Crash investigation to delay murder case |

Crash investigation to delay murder case

Adam Jensen / Tahoe Daily Tribune

SOUTH LAKE TAHOE ” An investigation by California Highway Patrol experts will likely determine what charges prosecutors pursue in the case of a Placerville woman accused of murdering an ex-boyfriend by hitting him with her car in August.

At a hearing in South Lake Tahoe on Friday, El Dorado County Superior Court Judge Suzanne Kingsbury gave Deputy District Attorney Gloria Mas 90 days to get the CHP Multidisciplinary Accident Investigation Team to scrutinize the collision that killed 23-year-old Anthony Payne.

Melissa Nichols, 24, is accused of intentionally driving her silver Pontiac Grand Am into Payne as he road his motorcycle on Carson Road in Camino on Aug. 15.

Nichols is charged with second-degree murder, gross vehicular manslaughter while intoxicated, DUI causing injury, and driving with a blood alcohol content above .08 percent in connection with the incident.

Mas requested time for the specialized accident investigation team to look at the crash as a way to dispute defense investigators’ findings regarding the collision.

The prosecutor initially indicated that it could take as long as six months for the team to complete an investigation, but defense attorney David Cramer protested, arguing the team’s investigators should have been brought in at the start of the case.

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Six months is too long to wait in a case that has already taken longer than necessary, Cramer said.

“I don’t think we should wait that long,” Cramer said.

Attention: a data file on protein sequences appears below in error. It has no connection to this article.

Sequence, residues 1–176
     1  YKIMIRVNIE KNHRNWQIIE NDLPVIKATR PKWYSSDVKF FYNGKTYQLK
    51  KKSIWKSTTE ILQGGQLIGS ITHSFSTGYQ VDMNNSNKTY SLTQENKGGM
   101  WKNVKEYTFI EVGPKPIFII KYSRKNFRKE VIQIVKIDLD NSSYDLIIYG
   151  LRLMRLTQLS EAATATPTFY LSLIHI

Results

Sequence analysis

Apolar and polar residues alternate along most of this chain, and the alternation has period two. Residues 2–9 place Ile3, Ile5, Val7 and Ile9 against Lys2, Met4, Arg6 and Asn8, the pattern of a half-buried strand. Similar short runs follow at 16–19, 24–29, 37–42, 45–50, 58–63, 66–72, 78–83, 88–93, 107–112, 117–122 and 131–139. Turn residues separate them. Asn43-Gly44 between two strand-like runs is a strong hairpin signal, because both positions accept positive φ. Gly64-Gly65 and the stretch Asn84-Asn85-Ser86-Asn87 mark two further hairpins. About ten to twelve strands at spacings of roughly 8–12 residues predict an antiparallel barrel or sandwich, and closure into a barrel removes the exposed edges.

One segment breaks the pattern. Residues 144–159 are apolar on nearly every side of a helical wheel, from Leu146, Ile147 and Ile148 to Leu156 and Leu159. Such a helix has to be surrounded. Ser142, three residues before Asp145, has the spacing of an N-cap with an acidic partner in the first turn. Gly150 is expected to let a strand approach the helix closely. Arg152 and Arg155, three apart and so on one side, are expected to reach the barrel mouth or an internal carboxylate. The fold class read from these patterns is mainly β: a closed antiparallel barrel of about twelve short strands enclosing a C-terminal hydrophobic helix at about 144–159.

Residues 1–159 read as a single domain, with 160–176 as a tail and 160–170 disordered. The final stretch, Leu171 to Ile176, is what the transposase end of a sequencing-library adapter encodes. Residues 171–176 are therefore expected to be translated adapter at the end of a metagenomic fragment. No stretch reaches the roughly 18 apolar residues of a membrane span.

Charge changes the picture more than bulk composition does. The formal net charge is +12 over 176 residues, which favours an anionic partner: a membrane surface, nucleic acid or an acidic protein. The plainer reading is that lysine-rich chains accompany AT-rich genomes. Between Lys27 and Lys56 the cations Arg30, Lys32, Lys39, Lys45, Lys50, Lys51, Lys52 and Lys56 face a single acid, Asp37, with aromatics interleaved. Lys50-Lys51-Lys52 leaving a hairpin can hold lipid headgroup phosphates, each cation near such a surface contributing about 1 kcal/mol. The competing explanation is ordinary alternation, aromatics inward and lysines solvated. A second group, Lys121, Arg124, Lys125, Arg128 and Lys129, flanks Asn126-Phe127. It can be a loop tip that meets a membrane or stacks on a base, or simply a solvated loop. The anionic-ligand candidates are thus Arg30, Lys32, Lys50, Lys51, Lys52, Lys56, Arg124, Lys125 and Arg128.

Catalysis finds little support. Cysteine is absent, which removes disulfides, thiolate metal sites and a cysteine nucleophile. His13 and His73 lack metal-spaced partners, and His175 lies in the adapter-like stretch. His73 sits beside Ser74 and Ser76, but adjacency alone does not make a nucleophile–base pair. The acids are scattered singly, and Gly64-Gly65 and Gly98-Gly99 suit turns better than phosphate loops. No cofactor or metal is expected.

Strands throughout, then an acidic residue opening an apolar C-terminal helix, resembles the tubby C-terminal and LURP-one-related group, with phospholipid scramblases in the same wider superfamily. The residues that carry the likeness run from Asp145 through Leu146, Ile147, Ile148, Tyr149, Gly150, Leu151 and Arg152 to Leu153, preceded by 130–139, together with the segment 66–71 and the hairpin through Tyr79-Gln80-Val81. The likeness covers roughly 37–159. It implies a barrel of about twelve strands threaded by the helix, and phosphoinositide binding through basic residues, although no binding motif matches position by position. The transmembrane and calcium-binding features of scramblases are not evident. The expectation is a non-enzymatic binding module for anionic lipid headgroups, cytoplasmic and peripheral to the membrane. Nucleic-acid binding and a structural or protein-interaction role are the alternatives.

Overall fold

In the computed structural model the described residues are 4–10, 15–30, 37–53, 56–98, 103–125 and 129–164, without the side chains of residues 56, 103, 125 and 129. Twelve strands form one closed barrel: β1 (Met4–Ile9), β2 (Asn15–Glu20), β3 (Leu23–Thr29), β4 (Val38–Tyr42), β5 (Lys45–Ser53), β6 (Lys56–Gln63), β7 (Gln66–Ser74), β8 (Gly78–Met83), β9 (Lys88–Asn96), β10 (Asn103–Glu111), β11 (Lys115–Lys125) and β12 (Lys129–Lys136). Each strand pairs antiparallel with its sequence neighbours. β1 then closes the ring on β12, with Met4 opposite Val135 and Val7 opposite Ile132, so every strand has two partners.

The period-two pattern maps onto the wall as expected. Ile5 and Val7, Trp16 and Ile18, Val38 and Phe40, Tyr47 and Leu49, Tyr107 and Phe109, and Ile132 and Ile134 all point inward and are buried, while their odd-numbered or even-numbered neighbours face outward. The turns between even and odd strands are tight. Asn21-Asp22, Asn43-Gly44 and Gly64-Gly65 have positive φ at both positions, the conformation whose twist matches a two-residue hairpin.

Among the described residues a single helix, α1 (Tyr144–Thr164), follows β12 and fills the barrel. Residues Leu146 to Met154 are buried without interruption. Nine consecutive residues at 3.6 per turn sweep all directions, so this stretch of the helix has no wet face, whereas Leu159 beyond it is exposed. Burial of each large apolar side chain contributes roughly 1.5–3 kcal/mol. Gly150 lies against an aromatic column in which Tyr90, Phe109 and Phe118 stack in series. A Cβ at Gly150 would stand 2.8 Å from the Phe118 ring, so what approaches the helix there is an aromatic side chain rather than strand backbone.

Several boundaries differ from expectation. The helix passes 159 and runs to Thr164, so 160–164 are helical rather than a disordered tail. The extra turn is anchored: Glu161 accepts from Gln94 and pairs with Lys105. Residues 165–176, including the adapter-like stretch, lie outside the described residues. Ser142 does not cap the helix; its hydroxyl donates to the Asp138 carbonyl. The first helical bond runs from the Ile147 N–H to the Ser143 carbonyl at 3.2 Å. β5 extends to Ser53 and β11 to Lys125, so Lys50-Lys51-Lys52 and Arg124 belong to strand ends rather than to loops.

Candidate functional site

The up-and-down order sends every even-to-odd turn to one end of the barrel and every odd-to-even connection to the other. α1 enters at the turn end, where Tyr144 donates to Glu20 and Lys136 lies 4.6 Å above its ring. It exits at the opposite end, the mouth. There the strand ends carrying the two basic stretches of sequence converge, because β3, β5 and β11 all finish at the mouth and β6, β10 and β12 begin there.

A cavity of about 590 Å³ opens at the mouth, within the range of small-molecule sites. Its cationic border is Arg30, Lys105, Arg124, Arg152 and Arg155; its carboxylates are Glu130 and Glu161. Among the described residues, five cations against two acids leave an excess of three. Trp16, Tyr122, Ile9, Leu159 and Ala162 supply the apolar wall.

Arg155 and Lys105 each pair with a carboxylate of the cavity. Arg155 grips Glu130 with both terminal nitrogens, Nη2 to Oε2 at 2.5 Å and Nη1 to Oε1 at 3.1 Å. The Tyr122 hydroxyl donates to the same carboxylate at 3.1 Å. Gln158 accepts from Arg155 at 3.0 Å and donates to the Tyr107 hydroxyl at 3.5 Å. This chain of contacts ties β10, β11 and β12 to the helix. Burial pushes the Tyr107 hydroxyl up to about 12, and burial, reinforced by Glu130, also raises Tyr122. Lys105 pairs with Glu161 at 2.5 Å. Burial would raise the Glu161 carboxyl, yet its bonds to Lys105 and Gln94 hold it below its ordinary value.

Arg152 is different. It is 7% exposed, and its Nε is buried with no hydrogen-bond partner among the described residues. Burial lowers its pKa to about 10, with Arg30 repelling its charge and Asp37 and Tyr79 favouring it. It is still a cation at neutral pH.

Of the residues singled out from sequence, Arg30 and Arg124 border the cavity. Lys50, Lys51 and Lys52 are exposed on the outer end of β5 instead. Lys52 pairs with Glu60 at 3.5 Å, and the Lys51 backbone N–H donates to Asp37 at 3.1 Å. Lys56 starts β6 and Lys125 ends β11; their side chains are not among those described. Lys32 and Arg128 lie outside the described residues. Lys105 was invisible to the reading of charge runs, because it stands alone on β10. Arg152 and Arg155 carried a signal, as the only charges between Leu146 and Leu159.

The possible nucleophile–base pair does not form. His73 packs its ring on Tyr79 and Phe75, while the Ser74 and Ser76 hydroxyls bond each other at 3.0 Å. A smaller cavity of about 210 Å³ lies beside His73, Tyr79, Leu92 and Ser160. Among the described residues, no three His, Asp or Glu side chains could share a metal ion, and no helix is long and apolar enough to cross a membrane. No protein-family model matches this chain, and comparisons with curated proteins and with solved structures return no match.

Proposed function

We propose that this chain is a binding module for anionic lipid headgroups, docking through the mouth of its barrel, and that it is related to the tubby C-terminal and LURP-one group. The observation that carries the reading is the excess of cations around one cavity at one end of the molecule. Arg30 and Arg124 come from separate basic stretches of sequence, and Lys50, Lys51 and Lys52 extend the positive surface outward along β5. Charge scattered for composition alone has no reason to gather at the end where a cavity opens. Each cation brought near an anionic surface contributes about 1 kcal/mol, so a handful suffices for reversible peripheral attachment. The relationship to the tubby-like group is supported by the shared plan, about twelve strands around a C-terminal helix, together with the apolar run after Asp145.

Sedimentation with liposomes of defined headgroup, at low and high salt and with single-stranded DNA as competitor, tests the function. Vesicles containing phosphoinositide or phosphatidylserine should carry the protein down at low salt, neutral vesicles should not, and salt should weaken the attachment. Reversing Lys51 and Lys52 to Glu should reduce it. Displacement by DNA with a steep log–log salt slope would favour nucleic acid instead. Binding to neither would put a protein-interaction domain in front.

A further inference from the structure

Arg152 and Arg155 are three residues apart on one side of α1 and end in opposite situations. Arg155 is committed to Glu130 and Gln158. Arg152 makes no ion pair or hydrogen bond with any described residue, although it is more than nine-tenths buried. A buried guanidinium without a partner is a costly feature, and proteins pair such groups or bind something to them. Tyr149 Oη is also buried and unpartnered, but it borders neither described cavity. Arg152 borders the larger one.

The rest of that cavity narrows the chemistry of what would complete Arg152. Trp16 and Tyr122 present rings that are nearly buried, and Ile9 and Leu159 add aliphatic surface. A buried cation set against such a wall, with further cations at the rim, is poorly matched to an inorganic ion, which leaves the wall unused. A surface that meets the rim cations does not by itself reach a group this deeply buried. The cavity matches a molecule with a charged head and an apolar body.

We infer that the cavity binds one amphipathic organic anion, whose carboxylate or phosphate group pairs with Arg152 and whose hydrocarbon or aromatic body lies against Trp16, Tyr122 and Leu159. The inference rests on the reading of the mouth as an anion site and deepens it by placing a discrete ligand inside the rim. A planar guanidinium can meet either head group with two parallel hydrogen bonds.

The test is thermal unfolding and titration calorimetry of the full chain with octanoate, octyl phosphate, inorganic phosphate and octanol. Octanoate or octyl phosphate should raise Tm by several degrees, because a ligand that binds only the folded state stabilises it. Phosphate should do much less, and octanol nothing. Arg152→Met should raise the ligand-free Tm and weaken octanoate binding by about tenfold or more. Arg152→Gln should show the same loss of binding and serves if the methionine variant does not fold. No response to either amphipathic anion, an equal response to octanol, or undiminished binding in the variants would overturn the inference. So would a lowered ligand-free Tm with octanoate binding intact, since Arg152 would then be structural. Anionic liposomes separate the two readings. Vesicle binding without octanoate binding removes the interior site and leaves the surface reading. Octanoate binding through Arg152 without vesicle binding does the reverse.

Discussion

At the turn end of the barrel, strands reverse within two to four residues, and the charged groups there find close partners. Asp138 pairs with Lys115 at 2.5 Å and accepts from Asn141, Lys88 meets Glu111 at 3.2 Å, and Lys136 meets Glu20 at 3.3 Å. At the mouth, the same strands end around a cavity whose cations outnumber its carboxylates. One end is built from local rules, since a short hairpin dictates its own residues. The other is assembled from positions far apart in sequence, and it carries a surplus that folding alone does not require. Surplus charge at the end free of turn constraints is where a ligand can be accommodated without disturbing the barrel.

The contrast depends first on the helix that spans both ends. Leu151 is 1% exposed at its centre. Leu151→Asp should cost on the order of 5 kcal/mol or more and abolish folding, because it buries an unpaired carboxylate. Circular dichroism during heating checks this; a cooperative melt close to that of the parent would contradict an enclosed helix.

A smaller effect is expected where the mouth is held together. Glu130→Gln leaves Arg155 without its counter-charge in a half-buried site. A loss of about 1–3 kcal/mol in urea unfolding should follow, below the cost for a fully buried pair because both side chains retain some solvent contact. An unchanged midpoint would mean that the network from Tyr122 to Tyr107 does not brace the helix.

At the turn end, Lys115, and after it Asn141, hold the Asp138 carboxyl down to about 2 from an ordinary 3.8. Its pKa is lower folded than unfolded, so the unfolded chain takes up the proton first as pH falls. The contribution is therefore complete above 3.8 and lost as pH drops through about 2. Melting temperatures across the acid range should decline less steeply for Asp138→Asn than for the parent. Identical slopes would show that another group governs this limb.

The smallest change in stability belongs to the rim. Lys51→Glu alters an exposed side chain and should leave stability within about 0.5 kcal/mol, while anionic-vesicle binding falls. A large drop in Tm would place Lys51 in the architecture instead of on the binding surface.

In a motion filed by the defense attorney on Feb. 23, Cramer challenges testimony given by El Dorado County Sheriff’s Sgt. Matt Underhill during a Jan. 14 preliminary hearing in Placerville.

The motion contends that Underhill is not an expert in accident reconstruction, and his testimony should be stricken from the record.

“At best the evidence presented would show there is sufficient evidence to go to trial on vehicular manslaughter while intoxicated without gross negligence,” Cramer contends in the motion.

Vehicular manslaughter without gross negligence while intoxicated carries a maximum penalty of four years in state prison, far less than the life sentence possible from a second-degree murder conviction under California law.

If the CHP team makes findings similar to the defense expert’s conclusions, the case could also end up being reduced to a misdemeanor, Kingsbury said Friday.

But such a finding is not a foregone conclusion, Kingsbury added.

“If this is a murder case, it needs to proceed as a murder case,” Kingsbury said.

At the request of prosecutors, Nichols was released on her own recognizance on March 3 and appeared in court on Friday wearing black pants and a black hooded sweatshirt.

Nichols is prohibited from drinking alcohol as a condition of the release.

Following arguments surrounding the CHP team investigation on Friday, Kingsbury denied a request by Mas to have Nichols fitted with a device to monitor her blood alcohol content.

Mas had requested the device because it’s expected to be several months before the case goes to trail.

Cramer objected to Mas’ request, noting Nichols has no previous criminal history, doesn’t have a drivers license and is already subject to random alcohol testing.

As a compromise, Kingsbury ordered Nichols to submit to random alcohol testing no less than two times a week.